The Real Cost of a Crowdfunding Campaign (And How to Budget Correctly)

Posted by Andrew Hall on Jul 31, 2014 11:56 AM
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When it comes to managing and securing funds as an independent artist, crowdfunding has become a great tool to leverage a supportive community that can help you get to the next level. Whether it's for an upcoming album release or to help you branch out to a new touring market, this modern-day fundraising approach will allow you to offer some unique merchandise or special experience for your fans in exchange for their financial support.

Crowdfunding can be a viable way to generate income for a project, but it's far from the easy way out – it will still cost you time and money to set up the campaign, promote it, and execute the specific pledge goals you set, so it’s important to do your homework on how to run a successful campaign before you dive in.

Peter Alhadeff, a professor at Berklee College of Music, and Luiz Buff, a graduate of Berklee, conducted extensive research on crowdfunding, which we break down for you below. For more, please read their original article on

Crowdfunding basics

Most band campaigns will fall into one of two crowdfunding categories: donation or reward.

The donation model has participants contributing to help support the cause, without any expectations of a reward. They do this because the project is something that is important to them and their personal beliefs.

The reward model is when people are rewarded for their contributions. Usually rewards grow in terms of exclusivity with how much is contributed.

Even if you're using one of the most popular platforms, such as Kickstarter, Indiegogo, PledgeMusic, or RocketHub, it’s very important to understand only around 54 percent of people succeed in reaching their campaign goals.

So it’s crucial to...

Use data to set realistic goals

The first thing you should do when setting your crowdfunding goal is research similar campaigns to the one you are launching. You can benefit from their successes and shortcomings, and it will also help you structure your reward system to optimize for your ultimate goal total.

Take this spreadsheet, for instance, in which information from 102 successfully funded Kickstarter music projects completed between February 11, 2013, and February 23, 2013 was tracked:

crowdfunding table 1


You can see that the average pledge per backer increases as the average goal increases, so this will help with determining a starting point. Indiegogo offers tips on which reward pricing is the most successful, but it’s important to keep in consideration how much you are trying to realistically raise.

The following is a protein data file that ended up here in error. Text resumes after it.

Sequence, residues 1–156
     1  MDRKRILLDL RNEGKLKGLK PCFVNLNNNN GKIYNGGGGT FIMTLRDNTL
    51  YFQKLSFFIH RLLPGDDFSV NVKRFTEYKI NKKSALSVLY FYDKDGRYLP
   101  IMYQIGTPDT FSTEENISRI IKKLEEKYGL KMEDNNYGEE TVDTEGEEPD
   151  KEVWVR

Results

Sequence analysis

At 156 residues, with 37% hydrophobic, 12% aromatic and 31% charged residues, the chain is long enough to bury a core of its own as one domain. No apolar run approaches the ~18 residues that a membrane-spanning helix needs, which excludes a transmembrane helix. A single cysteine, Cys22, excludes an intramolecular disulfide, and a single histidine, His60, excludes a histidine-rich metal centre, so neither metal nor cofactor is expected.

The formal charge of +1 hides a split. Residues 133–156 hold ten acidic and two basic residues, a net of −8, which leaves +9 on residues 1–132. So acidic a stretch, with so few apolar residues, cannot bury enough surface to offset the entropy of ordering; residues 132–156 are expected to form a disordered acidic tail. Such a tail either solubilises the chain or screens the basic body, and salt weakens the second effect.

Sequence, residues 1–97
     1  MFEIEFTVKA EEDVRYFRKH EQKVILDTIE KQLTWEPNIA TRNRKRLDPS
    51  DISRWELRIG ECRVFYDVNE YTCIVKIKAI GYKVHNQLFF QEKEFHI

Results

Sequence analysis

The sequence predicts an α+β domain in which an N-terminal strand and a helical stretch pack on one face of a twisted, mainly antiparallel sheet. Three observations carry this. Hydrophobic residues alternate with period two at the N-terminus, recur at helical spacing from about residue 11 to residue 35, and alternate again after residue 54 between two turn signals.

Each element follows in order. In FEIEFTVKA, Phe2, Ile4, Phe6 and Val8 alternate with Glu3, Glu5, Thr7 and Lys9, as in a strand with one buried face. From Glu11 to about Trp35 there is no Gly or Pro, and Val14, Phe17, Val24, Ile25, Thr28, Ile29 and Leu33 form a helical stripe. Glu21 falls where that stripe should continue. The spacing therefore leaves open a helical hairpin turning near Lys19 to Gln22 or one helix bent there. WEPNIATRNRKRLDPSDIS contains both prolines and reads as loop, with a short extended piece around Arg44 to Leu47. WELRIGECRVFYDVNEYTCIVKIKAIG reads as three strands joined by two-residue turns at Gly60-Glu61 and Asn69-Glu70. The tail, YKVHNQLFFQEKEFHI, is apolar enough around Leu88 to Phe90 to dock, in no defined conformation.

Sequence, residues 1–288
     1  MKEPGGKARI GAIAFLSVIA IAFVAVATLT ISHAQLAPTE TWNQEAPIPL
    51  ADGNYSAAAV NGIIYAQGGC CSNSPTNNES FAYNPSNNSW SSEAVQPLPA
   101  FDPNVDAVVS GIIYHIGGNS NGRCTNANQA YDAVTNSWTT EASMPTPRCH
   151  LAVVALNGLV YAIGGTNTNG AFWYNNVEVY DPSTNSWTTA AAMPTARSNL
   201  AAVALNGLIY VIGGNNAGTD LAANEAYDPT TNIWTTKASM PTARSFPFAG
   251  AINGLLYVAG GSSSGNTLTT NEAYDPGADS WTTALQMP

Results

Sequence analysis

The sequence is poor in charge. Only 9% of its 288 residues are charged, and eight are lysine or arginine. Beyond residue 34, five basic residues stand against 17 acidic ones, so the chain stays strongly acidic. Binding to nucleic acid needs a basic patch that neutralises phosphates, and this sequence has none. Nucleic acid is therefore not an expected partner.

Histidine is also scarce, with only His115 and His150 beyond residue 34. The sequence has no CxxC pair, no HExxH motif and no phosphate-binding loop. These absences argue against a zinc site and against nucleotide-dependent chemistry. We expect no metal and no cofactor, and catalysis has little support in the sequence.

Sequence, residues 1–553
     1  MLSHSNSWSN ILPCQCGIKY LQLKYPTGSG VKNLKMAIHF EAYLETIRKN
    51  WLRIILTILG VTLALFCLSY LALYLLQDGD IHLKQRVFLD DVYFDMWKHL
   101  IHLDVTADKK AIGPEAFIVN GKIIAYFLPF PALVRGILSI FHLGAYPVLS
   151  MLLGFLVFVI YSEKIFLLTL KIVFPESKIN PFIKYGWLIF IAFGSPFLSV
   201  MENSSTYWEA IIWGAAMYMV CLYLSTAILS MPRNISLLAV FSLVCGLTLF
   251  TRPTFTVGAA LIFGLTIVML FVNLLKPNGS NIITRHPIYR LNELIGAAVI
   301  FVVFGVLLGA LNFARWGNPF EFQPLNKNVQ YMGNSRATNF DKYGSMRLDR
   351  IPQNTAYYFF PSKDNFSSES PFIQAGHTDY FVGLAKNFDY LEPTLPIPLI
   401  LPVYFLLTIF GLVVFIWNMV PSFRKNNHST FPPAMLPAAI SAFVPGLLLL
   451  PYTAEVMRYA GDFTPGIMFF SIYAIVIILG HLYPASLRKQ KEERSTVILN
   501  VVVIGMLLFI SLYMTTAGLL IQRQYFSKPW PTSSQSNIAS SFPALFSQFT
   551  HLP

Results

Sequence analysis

You can use this simple spreadsheet as a jumping off point to determine the cost of your rewards:

crowdfunding table 2


This isn’t a one-fix solution for structuring your campaign, but it’s a place to start. It’s up to you to determine how much is realistic for you to raise based on the size of your reach and fanbase. It also helps shape the idea that if you can offer a more substantial prize that only costs you time (like a private Skype lesson or an autograph), it will help you with...

Budget for all of the costs involved

If you don’t take into consideration things like how much it will cost to market the campaign leading up to hitting the goal, service fees and taxes (if you do hit the goal), and most importantly, fulfilling rewards in the agreed upon time frame, then the campaign could be all for nothing.

Just because you need $5,000 does not mean you should set your goal for $5,000. With service fees taking between 3-5%, plus taxes costing another 10%, in addition to potential costs for having to order in bulk to save on inventory and other unforeseen expenses, you should be accounting for all of this when determining your final goal.

You can even use this formula to figure out what your real goal should be:



The delivery of the agreed upon rewards is the most crucial part of these campaigns. If you don’t make good on your word to deliver the rewards on time, it will diminish everything you’ve done, and you’ll have zero credibility to try to crowdfund again. So making sure that your CDs, records, shirts, etc. are printed on time (so you don't have to overspend on overnight shipping or added inventory) will help you budget and keep profits where you expect them to be.

Now that you understand what goes into creating and budgeting for a crowdfunding campaign, you should be able implement these best practices to make your campaign a success. Remember, just like any fundraiser, these campaigns can’t be too frequent or the main source of income for your band business. You’re allowed only a few opportunities to leverage your community for an exciting reason, and with their support it should help you take your career to the next level – so make it count!

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Topics: Features, crowdfunding, Legal & Money


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